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Ferry & Car Ferry News The ferry industry on the Irish Sea, is just like any other sector of the shipping industry, in that it is made up of a myriad of ship operators, owners, managers, charterers all contributing to providing a network of routes carried out by a variety of ships designed for different albeit similar purposes.

All this ferry activity involves conventional ferry tonnage, 'ro-pax', where the vessel's primary design is to carry more freight capacity rather than passengers. This is in some cases though, is in complete variance to the fast ferry craft where they carry many more passengers and charging a premium.

In reporting the ferry scene, we examine the constantly changing trends of this sector, as rival ferry operators are competing in an intensive environment, battling out for market share following the fallout of the economic crisis. All this has consequences some immediately felt, while at times, the effects can be drawn out over time, leading to the expense of others, through reduced competition or takeover or even face complete removal from the marketplace, as witnessed in recent years.

Arising from these challenging times, there are of course winners and losers, as exemplified in the trend to run high-speed ferry craft only during the peak-season summer months and on shorter distance routes. In addition, where fastcraft had once dominated the ferry scene, during the heady days from the mid-90's onwards, they have been replaced by recent newcomers in the form of the 'fast ferry' and with increased levels of luxury, yet seeming to form as a cost-effective alternative.

Irish Sea Ferry Routes

Irrespective of the type of vessel deployed on Irish Sea routes (between 2-9 hours), it is the ferry companies that keep the wheels of industry moving as freight vehicles literally (roll-on and roll-off) ships coupled with motoring tourists and the humble 'foot' passenger transported 363 days a year.

As such the exclusive freight-only operators provide important trading routes between Ireland and the UK, where the freight haulage customer is 'king' to generating year-round revenue to the ferry operator. However, custom built tonnage entering service in recent years has exceeded the level of capacity of the Irish Sea in certain quarters of the freight market.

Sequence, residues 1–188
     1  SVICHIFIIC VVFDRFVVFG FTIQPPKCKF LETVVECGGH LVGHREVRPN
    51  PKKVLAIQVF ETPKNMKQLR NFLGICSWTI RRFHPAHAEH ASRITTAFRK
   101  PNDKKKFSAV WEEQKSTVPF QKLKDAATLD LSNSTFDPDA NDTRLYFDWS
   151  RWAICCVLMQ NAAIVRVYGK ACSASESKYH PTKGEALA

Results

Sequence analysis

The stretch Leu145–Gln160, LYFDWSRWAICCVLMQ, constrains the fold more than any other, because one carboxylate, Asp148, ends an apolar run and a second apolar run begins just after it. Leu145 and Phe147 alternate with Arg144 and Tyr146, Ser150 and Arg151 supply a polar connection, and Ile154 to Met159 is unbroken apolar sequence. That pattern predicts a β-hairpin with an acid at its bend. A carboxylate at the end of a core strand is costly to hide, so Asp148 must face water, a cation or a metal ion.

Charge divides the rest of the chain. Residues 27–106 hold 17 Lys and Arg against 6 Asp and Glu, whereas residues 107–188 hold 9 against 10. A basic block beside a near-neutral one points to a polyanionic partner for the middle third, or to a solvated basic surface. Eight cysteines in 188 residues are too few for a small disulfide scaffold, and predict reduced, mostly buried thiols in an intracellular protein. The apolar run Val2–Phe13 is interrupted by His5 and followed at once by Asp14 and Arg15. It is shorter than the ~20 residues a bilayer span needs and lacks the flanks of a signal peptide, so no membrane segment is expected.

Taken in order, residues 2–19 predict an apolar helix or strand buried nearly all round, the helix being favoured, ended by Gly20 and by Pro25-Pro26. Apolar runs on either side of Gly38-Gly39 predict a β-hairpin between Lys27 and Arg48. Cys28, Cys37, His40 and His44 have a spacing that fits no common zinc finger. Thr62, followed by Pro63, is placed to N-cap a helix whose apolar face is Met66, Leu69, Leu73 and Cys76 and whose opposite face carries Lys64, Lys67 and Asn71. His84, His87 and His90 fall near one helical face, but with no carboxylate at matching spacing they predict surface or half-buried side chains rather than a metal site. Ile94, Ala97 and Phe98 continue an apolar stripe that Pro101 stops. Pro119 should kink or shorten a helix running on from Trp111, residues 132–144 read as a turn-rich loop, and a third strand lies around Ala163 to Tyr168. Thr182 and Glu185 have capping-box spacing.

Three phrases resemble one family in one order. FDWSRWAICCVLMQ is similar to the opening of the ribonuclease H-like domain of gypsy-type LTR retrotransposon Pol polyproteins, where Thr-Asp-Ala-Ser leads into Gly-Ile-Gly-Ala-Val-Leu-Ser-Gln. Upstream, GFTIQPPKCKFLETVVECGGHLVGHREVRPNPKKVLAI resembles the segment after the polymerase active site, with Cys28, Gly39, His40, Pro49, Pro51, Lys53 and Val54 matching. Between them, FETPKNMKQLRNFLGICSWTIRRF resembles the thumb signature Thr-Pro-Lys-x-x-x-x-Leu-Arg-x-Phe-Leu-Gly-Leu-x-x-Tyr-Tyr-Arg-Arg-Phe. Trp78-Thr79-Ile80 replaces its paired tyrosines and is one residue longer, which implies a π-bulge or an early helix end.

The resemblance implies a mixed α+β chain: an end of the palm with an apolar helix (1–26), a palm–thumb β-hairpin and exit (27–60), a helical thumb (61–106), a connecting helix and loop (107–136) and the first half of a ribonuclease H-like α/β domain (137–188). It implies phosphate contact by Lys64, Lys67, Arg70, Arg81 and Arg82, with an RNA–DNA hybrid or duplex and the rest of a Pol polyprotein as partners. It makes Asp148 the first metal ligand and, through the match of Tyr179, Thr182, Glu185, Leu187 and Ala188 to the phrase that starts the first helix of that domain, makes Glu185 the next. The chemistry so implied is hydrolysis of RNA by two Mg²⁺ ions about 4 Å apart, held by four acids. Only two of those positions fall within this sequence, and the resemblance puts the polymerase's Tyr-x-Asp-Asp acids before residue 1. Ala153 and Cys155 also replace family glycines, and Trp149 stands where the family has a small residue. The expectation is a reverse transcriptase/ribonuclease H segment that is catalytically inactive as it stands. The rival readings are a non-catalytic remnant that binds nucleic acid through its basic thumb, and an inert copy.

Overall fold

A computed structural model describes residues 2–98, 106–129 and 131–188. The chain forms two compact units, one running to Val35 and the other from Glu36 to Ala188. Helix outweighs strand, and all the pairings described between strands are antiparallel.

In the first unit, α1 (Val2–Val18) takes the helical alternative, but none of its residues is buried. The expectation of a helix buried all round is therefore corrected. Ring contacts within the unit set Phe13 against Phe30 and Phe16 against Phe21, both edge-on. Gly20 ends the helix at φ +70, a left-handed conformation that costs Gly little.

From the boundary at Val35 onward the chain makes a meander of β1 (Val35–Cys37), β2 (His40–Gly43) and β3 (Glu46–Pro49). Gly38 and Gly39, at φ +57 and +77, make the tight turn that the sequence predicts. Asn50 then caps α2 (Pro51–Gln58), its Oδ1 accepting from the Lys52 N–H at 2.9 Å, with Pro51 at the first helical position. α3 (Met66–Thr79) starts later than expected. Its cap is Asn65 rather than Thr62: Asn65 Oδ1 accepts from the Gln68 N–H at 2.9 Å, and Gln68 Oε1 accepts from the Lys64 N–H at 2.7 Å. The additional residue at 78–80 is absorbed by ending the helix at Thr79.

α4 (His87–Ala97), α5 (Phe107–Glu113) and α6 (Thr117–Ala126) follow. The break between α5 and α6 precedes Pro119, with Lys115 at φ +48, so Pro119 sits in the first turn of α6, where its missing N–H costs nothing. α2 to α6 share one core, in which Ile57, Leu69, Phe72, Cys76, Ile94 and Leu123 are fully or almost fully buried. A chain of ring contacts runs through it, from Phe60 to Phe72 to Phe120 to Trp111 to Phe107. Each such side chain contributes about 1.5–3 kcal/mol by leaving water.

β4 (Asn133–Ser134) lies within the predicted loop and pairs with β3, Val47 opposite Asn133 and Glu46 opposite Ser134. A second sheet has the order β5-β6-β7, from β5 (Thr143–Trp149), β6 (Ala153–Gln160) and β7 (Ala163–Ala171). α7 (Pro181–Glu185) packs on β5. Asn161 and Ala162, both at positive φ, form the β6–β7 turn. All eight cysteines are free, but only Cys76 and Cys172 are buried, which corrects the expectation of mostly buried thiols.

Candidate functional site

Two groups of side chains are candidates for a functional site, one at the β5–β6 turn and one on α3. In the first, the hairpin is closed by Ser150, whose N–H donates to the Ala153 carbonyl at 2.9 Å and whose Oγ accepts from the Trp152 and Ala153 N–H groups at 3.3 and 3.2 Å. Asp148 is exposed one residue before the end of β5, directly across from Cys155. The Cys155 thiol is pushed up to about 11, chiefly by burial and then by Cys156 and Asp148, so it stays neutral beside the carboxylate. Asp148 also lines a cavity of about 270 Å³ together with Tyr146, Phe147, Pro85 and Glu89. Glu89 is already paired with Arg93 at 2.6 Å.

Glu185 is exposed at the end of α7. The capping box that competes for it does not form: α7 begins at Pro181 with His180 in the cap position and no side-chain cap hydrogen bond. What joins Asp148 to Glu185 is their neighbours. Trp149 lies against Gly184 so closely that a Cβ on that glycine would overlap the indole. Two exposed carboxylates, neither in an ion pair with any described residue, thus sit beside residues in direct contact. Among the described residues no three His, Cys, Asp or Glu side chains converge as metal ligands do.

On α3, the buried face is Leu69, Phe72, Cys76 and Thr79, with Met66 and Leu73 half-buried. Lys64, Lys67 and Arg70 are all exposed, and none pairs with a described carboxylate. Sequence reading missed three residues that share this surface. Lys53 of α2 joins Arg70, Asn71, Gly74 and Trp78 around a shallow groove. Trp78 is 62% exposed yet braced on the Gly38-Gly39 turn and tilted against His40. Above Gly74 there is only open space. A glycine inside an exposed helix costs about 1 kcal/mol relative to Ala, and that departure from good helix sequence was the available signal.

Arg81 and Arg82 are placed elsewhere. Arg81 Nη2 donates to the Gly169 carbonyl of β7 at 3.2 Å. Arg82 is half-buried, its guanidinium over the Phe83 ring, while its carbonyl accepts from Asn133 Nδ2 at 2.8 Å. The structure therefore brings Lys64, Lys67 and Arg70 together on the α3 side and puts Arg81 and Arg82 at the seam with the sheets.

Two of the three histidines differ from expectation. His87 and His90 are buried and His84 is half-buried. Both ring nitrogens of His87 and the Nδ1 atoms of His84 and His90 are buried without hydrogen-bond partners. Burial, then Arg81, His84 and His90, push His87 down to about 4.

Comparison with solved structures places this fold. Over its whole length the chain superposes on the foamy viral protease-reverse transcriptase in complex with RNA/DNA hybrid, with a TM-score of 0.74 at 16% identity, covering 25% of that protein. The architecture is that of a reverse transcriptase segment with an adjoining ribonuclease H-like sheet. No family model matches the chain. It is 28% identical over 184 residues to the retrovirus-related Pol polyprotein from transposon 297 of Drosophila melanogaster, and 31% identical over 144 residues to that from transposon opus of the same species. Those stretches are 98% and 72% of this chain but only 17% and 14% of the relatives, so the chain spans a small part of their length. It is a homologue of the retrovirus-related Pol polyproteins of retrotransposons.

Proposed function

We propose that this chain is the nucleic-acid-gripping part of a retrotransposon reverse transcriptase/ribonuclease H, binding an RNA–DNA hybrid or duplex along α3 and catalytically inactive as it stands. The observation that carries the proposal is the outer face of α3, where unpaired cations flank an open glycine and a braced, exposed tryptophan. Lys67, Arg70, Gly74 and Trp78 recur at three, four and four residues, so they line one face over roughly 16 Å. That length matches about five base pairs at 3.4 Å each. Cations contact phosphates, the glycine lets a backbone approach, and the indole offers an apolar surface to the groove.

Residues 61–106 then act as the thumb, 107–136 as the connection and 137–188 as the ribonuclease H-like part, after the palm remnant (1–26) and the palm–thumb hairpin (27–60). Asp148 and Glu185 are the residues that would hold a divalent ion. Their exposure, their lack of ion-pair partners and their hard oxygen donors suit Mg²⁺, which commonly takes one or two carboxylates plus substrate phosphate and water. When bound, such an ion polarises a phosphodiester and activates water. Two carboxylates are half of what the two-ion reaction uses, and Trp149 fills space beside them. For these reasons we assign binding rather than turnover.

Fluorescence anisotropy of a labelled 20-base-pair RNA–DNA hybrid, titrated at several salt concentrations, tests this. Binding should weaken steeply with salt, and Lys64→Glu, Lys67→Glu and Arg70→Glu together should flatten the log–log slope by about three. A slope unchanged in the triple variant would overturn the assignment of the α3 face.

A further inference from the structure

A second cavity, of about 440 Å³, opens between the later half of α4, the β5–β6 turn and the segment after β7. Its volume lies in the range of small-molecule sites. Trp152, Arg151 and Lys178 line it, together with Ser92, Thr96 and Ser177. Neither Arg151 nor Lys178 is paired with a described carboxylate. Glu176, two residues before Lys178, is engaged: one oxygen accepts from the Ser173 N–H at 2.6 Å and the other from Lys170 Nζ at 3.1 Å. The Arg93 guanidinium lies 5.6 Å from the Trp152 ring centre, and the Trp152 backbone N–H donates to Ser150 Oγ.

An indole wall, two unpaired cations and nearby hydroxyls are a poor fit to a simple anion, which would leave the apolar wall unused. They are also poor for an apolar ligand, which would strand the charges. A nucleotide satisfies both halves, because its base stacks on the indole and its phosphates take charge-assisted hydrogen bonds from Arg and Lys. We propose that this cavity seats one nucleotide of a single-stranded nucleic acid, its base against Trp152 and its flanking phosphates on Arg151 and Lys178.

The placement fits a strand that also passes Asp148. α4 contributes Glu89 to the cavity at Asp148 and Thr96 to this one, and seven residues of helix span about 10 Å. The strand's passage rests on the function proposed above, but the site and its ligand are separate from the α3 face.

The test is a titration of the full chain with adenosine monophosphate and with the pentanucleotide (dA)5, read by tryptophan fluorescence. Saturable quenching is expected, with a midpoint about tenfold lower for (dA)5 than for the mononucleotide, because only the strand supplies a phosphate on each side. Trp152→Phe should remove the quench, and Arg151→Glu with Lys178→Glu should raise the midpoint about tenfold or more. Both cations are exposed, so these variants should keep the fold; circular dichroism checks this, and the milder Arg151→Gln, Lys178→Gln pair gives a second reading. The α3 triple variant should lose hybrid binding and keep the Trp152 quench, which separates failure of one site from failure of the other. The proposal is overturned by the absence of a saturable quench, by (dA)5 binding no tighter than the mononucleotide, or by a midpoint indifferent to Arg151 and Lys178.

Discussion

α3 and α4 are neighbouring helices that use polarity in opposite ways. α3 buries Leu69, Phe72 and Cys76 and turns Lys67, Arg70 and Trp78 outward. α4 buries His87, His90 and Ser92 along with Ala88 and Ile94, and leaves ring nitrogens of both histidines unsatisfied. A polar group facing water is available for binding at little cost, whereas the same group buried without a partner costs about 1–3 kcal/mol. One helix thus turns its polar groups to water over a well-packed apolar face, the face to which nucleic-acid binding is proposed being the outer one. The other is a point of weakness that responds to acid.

A prime example of the necessity for trade in which we consumers often expect daily, though arguably question how it reached our shores, is the delivery of just in time perishable products to fill our supermarket shelves.

A visual manifestation of this is the arrival every morning and evening into our main ports, where a combination of ferries, ro-pax vessels and fast-craft all descend at the same time. In essence this a marine version to our road-based rush hour traffic going in and out along the commuter belts.

Across the Celtic Sea, the ferry scene coverage is also about those overnight direct ferry routes from Ireland connecting the north-western French ports in Brittany and Normandy.

Due to the seasonality of these routes to Europe, the ferry scene may be in the majority running between February to November, however by no means does this lessen operator competition.

Noting there have been plans over the years to run a direct Irish –Iberian ferry service, which would open up existing and develop new freight markets. Should a direct service open, it would bring new opportunities also for holidaymakers, where Spain is the most visited country in the EU visited by Irish holidaymakers ... heading for the sun!